Letters: Secretary Spellings, Adult Marching Bands
MICHELE NORRIS, host:
On Thursdays, we read from your email.
MELISSA BLOCK, host:
And we'll start with response to Michele's conversation with education secretary Margaret Spellings.
NORRIS: I spoke to Spellings one year after creation of a special panel on higher education. Its mission - develop a plan for curbing costs, increasing access, and improving student performance at colleges and universities.
BLOCK: The discussion compelled a couple of college educators to write in.
Leslie Ferris of Lansing, Michigan, says she was pleased and alarmed after hearing the interview. She writes, "Since I teach at an open enrollment community college, I cheered at the call for more need based financial aid. However, I found the call for accountability troubling.
"I teach in a program that has a regular, thorough and longstanding assessment plan. From that perspective, it seems to me that the federal plan is working more slowly than we are. Furthermore, college educators have almost no control over the most important variable in the accountability equation - the students. Despite all the warnings we can provide, if students choose to participate in detrimental activities and in so doing fail to attend class or complete assignments, my institution and I are not responsible for the lack of academic success. The students are."
NORRIS: Spencer Kotkin(ph) of Chesterfield, Missouri, has a different perspective on accountability. He writes, "I rarely agree with the Bush administration, but I was glad to hear that Secretary Spellings is questioning just what the U.S. taxpayer is getting for its $120 billion investment. As a college professor for a dozen years, I can tell you that the answer is not much. One would think that everyone would demand more, but in fact, students, parents, departmental chairs and administrators demand less - less rigor, fewer essay exams, less material, less grief.
"However, I caution Secretary Spellings about asking for more accountability, as more accountability produces more administrators, more forums, more bureaucracy and less education."
BLOCK: Another debate over governance drew a number of letters from Texas this week. NPR's Wade Goodwyn reported on an effort to build 18 new coal burning power plants in that state over the next four years. The plan has the backing of Texas Governor Rick Perry, but a coalition of Texas mayors, newspapers editors and environmentalists has been putting up a fight.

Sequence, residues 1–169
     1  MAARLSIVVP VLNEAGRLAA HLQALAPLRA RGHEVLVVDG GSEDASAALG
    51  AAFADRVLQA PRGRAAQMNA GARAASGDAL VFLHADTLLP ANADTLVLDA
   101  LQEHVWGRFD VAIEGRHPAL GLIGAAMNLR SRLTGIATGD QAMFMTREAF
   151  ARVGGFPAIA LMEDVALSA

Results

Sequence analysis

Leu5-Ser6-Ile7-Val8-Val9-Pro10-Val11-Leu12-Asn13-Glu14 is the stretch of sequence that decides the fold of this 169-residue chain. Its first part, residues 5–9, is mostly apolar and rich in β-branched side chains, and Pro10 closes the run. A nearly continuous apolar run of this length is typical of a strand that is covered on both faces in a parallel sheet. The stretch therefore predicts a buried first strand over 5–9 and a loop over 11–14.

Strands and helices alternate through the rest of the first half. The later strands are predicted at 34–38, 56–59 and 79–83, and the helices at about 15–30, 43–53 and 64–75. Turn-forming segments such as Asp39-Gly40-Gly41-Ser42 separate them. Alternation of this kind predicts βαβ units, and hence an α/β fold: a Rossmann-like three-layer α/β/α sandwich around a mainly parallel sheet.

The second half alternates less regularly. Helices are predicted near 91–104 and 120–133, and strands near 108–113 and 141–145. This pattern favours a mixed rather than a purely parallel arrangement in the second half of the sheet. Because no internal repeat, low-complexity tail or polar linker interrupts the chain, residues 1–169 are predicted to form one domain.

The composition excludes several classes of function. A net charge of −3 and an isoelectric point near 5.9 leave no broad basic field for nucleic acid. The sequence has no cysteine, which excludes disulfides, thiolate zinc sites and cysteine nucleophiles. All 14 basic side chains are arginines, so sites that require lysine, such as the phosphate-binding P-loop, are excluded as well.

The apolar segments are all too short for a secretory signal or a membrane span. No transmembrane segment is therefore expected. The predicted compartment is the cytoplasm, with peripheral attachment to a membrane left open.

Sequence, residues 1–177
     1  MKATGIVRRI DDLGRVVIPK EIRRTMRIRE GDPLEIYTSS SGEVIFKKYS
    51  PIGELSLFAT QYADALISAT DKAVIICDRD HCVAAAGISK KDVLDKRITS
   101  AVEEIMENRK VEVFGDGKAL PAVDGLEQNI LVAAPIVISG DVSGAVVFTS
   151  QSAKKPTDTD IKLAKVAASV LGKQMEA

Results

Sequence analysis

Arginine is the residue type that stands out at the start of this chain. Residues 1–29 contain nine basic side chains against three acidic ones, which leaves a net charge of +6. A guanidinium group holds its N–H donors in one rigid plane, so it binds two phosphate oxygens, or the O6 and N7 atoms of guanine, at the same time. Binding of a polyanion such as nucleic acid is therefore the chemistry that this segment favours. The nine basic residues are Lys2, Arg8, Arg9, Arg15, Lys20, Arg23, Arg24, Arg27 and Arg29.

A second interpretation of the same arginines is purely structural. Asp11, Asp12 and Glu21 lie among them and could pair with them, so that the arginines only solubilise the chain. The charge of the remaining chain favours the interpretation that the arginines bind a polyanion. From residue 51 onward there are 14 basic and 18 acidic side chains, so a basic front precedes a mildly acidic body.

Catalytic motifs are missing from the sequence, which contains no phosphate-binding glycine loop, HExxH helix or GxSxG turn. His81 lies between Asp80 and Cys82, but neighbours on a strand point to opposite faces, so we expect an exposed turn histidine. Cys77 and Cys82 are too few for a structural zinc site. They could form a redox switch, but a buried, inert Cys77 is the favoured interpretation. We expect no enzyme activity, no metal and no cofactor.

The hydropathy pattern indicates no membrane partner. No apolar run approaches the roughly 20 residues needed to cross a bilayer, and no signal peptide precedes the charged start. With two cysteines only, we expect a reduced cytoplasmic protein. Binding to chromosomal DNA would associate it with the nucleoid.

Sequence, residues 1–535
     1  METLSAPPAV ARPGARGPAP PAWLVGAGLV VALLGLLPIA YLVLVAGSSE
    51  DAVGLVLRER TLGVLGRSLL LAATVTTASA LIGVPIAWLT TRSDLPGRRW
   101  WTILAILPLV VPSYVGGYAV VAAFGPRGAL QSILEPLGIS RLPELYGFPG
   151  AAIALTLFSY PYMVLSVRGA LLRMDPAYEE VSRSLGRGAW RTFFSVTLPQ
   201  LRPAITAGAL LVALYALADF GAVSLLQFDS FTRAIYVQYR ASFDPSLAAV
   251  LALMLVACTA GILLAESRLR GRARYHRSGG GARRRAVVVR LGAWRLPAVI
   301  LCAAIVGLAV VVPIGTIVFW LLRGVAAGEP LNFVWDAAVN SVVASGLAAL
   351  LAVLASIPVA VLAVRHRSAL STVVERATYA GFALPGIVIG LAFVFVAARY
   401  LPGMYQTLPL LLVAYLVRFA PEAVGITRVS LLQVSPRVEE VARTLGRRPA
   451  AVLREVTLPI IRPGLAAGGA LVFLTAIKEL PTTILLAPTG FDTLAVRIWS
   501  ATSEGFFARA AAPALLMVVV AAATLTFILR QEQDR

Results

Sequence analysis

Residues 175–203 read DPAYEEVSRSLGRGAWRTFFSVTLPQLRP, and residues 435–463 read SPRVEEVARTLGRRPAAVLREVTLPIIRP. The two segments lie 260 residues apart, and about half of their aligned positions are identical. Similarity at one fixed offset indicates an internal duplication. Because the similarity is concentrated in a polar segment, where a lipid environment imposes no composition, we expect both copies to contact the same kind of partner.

NORRIS: Ann McCready(ph) of Henderson, Texas, writes this, "I'm a resident of a rural county whose existing coal fired power plant is slated for expansion with outdated technology. And I'll repeat what I told our utility company representatives at a local hearing. After all that has happened with Enron, having our Republican governor fast track power plants to avoid environmental concerns is old school politics and an insult to Texans who look to the future."
BLOCK: We need to correct an error in another story that ran last week about new rules for particulate emissions from power plants. We said that the Edison Electric Institute didn't like the new standards because they aren't strict enough. In fact, the power industry group says the standards are too strict.
NORRIS: And an item in our newscast this week contained an error that bothered listener Najlah Amud(ph) of Overland Park, Kansas, among others. She writes, "Yesterday on my commute home I turned on ALL THINGS CONSIDERED, as I usually do. I was just in time to hear Allah Akbar, or God is great, referred to as the Muslim battle cry.
"I have to admit that I had tears in my eyes for the entire way home. Before this point I had only thought of Allah Akbar as the beginning to a peaceful call to prayer or a small prayer to say when I see something beautiful, like the sunset or a field of wild flowers."
She continues, "I have always turned to NPR for an unbiased source of world news, but this news story left me with the feeling that one of my closest friends had turned on me just because of my religion." We regret that characterization.
BLOCK: Finally, a note from a listener who heard an omission in our story on the Ghetto Life Marching Band of Portland, Oregon. It's one of the handful or marching bands around the country with a somewhat older membership. Our story said the honor of being the oldest adult marching band belongs to the Second Time Arounders of St. Petersburg, Florida, 25 years young next year.
NORRIS: "Holy John Philip Souza, you've missed somebody," writes listener Kathy Gaylord. "The Seed and Feed Marching Abominable has been an Atlanta institution for 32 years. The band sounds really good for an outfit that looks outrageous and behaves that way too. We keep gaining young people but, yes, the people there at the beginning, including myself, have gray hair and are still marching."
(Soundbite of The Seed and Feed Marching Abominable)
BLOCK: We want to know what you think of our program. Go to NPR.org. Click on contact us at the top of the page.
NORRIS: And this, by the way, is the sound of the Seed and Feed Marching Abominable. You can see them in person this weekend if you're so inclined at the Walk to Defeat ALS in Atlanta.
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